From Lincoln to The Hunger Games: The Power of Story

I woke up clutching my bed frame, heart pounding, mind reeling – three nights in a row – when I read The Hunger Games by Suzanne Collins. I could not escape this story, both novel and film, and wondered how it could change The United States. It was one of two striking stories of civil strife in the United States this past year, with Steven Spielberg’s Lincoln stealing viewers’ imaginations and hearts too. Grossing a combined half of a billion dollars at the box office[1], I hope that the two films can help Americans work through the great anxieties they address surrounding political and cultural polarization.

The attention to these stories in popular culture calls for sharing stories of encounter and transformation across religious, regional, cultural, and political differences today. Such testimonies are often about people who meet across difference for the first time, build trust, and find a way to work together rather than in opposition. Strongly held differences often remain, but shared paths open from a dense wood.

Portraying extreme circumstances, The Hunger Games and Lincoln help me understand the realities of the present and motivate me to diminish prejudice and polarization.  The Hunger Games takes place in the dystopian future, and Lincoln in the tragic past: both are allegory for the present. Both are about a mortal conflict between disparate regions of a North America divided along cultural, economic, and geographical axes. I imagine the anguish of brothers divided on the civil war’s battlefields. I imagine the harrowing experiences of tributes pitted against each other, in the Hunger Games of Panem, the country that Collins describes as rising from a conflict-torn North America. These stories are not only connected thematically, but also politically and historically.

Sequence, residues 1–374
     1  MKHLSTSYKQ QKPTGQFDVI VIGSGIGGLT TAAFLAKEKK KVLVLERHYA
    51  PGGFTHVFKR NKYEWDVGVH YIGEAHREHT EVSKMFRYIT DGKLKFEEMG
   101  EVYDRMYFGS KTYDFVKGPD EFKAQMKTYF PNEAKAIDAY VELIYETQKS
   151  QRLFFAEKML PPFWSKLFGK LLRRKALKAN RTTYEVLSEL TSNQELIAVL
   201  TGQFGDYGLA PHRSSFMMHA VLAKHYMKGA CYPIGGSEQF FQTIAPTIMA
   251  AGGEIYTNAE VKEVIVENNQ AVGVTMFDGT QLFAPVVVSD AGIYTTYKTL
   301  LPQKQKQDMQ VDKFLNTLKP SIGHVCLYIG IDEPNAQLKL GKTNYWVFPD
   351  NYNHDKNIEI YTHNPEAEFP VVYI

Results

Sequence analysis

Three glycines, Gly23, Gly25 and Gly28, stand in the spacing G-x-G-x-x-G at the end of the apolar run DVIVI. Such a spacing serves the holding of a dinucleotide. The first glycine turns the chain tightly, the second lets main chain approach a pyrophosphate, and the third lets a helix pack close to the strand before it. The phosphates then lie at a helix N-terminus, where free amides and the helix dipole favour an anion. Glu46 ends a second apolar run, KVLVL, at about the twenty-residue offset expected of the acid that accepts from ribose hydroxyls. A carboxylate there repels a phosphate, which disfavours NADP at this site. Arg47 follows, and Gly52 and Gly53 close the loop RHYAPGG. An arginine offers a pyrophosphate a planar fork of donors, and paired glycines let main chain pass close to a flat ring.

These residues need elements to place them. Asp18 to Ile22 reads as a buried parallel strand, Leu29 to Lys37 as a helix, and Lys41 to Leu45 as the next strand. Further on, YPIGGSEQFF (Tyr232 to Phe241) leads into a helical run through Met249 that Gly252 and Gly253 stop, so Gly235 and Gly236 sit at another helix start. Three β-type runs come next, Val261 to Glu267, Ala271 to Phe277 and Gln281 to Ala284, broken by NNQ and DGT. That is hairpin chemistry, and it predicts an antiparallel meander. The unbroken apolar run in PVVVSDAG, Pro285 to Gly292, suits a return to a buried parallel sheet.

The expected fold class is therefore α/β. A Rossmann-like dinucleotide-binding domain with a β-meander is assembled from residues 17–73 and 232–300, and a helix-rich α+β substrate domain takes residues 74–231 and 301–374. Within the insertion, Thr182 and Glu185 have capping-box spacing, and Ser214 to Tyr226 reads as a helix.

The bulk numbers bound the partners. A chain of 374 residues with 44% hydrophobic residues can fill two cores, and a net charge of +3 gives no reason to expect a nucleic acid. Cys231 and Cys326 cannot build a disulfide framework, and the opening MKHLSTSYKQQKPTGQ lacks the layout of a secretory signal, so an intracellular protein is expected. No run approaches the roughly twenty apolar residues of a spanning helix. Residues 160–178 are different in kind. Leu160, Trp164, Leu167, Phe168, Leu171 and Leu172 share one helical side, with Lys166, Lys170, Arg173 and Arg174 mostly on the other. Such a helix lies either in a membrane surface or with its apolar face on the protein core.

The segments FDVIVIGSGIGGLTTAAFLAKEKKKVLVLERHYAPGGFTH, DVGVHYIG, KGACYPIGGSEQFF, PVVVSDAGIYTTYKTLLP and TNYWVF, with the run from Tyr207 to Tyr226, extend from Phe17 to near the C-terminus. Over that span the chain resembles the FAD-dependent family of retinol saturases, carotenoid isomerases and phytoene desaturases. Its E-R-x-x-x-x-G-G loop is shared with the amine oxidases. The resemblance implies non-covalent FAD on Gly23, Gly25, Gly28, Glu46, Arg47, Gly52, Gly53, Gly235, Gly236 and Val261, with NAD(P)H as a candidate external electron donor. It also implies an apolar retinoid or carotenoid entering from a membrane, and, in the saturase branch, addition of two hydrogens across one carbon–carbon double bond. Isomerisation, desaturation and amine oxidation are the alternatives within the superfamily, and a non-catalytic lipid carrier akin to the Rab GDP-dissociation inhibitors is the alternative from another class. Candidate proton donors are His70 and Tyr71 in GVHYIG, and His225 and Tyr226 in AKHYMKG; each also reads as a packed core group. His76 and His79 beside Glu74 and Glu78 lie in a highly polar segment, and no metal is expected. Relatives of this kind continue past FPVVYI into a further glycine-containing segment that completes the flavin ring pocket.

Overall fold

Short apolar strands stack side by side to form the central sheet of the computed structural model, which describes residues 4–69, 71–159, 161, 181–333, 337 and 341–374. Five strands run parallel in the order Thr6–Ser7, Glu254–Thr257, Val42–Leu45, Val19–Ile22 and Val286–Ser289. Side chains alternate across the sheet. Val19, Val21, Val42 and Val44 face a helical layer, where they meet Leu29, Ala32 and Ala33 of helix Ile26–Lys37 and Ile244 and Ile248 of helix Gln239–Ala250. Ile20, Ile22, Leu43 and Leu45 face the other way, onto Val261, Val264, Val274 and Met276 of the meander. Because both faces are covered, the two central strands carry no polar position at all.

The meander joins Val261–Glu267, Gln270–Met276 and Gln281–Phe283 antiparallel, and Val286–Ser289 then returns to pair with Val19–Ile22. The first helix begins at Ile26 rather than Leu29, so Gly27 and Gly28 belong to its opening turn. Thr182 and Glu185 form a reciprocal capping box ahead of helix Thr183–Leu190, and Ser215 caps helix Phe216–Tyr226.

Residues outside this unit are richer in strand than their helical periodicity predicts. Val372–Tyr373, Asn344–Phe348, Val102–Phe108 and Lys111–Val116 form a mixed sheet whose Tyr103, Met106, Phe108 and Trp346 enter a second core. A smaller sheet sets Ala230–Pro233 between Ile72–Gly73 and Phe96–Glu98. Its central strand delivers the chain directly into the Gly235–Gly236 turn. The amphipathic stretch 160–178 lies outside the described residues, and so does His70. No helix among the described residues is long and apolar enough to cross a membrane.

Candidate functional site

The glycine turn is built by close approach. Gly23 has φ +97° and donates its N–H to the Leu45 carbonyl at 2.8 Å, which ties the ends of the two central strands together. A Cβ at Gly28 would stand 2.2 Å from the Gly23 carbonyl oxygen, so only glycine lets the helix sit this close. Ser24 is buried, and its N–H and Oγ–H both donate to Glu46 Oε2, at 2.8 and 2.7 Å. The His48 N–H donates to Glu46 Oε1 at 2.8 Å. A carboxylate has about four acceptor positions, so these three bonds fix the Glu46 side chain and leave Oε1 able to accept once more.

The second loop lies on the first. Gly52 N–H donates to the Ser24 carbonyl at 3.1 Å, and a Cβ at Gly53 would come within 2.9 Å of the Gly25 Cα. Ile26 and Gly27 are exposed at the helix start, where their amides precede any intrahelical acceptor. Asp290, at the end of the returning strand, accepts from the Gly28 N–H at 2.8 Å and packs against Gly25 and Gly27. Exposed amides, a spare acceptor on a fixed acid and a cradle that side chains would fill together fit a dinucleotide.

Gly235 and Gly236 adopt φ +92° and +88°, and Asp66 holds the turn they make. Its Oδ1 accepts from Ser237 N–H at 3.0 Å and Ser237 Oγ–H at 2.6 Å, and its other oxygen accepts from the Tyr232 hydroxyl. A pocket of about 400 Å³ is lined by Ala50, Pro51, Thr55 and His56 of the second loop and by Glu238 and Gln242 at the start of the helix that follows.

These films draw my attention to contemporary stories that bridge the time-span between their historical and future settings. The central Appalachian region, where protagonists Katniss and Peeta of The Hunger Games come from, endured a particularly awful experience in the civil war. Located at the border between the north and south, Kentucky itself officially remained neutral and was the birthplace of both Jefferson Davis and Abraham Lincoln[2].  The war divided communities and families, precipitating decades of family feuds and regional tensions through the late 19th century (including the Hatfield-Macoy feuds, amongst others). Stories of encounter and transformation across difference today play a key role in helping Americans to unbind from this legacy.

Through my work with Interfaith Appalachia, I have been blessed to witness these stories unfolding. We bring people together across differences of religion, politics and environmental perspective for service, dialogue and community development. One particularly powerful experience came for me in January 2013, when I led a group of religiously diverse college students from northeastern Ohio on an eight-day program in Harlan County, Kentucky. We partnered with evangelical ministries and community organizations, serving and learning together.